Miracle escape after 300ft plunge

A WOMAN has spoken of the terrifying moment when she fell 300 feet down a Himalayan mountainside. Ruth Norfolk had been hiking with her family in the Indrahara Pass in India when disaster struck and she slid over ice, rocks and boulders towards almost certain death.

A WOMAN has spoken of the terrifying moment when she fell 300 feet down a Himalayan mountainside.

Ruth Norfolk had been hiking with her family in the Indrahara Pass in India when disaster struck and she slid over ice, rocks and boulders towards almost certain death.

The former Colchester schoolgirl, her husband Adrian and their three sons, Daniel, 21, Alex, 19, and Sebastian, 15, were enjoying a four-day trek 15,000feet up in the Dhauladar mountain range.

They had just reached the summit after an arduous six-hour journey when the weather suddenly turned against them and they were forced to begin the journey back down almost immediately.


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As one of the guides was explaining to Mrs Norfolk, who went to the Gilberd School, how to anchor herself to the mountainside with an ice axe she suddenly slipped down the side of a glacier.

She said: "I was totally conscious as it happened and was screaming, there was a ridge of boulders and rocks and I thought what if I hit them? But I did, and then I do not remember what happened."

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But amazingly when her family and the guides made their way down to her side she regained consciousness and did not seem to be seriously injured.

Luckily the couple had been given a satellite phone because Mr Norfolk - a former Colchester Royal Grammar School pupil – had been asked to test it out at altitude by the Indian High Commission in New Delhi.

But the drama, which happened on June 14, did not end there because the worsening weather conditions prevented a rescue helicopters from landing on the mountain.

"We were able to contact the High Commission and they were able to mobilise the Indian Army and air force.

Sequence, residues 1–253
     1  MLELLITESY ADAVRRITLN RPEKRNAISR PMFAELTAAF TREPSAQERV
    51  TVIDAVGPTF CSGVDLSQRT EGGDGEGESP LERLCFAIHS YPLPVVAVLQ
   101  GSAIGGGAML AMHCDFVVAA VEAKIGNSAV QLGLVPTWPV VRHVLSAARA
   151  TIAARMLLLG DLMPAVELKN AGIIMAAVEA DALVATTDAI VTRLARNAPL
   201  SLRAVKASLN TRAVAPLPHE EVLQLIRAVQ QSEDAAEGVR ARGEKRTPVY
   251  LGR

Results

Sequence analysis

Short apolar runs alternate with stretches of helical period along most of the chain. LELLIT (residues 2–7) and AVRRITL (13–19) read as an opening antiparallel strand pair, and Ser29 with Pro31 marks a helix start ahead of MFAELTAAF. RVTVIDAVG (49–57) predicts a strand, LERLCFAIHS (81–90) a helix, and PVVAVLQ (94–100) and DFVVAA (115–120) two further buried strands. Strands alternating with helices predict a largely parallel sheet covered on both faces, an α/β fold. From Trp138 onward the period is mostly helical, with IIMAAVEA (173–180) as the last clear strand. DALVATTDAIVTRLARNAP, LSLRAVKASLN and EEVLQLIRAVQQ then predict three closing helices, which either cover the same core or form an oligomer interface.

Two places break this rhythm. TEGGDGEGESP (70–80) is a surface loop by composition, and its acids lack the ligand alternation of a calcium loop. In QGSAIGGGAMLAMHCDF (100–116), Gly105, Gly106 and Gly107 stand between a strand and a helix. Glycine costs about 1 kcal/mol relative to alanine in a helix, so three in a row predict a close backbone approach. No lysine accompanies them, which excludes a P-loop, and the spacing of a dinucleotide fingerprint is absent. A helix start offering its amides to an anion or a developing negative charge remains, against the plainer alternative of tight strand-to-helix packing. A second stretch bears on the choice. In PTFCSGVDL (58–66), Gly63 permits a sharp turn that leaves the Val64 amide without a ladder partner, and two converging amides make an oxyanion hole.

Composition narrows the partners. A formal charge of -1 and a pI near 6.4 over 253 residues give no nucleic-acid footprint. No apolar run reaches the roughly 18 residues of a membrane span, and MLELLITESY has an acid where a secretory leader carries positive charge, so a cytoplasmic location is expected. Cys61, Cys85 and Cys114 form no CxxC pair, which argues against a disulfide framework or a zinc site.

"I thought that they had not seen us at all and was worried about getting stuck up there for the night and was starting to think about hypothermia," the English teacher said.

But just before midnight a team of 15 local guides arrived with ropes and began a descent of more than seven hours down the mountain with Mrs Norfolk wrapped up in a sleeping bag to protect her.

The slow and painful trek back down the mountain took place lit only by torchlight but thanks to the knowledge of the guides they were able to get down to a cave where everyone was able to shelter from the worst of the weather and slept through to the morning when a rescue helicopter arrived.

"As they brought me down I would yell out when it became painful and they would slow down - I kept saying to them 'you guys are amazing', they really were life savers, I would not have survived without them doing what they did."

Tests at a military hospital revealed Mrs Norfolk had suffered two hairline fractures to her skull but no long-term injuries.

A trip back to England had already been booked for the start of July and the family have been recalling their amazing experience to both sets of parents in the Colchester area.

And yesterday, speaking from her sister's home near Framlingham, Mrs Norfolk said she felt incredibly lucky.

"I felt as though I had this new life given to me and I still feel like that, I am amazed still to be here.

"Every time I tell the story I think it is almost incredible that we were in that situation, I can still remember sliding down thinking this can not be me, it was almost like a dream.

"This has been a large bonding experience for the family, we were wondering what would happen and had to rely on each other a lot.

"The seven-and-a-half hours of the ordeal went by so quickly, it felt something like an hour," she said.

Mrs Norfolk's leg is still sore and she has been left with bruising to her lower back and she lost a bone fragment from her finger but doctors have told her she will make a full recovery.

The couple have another two years to go as part of Mr Norfolk's work at the Canadian High Commission in New Delhi and Mrs Norfolk said she had not been put off more adventures in the future.

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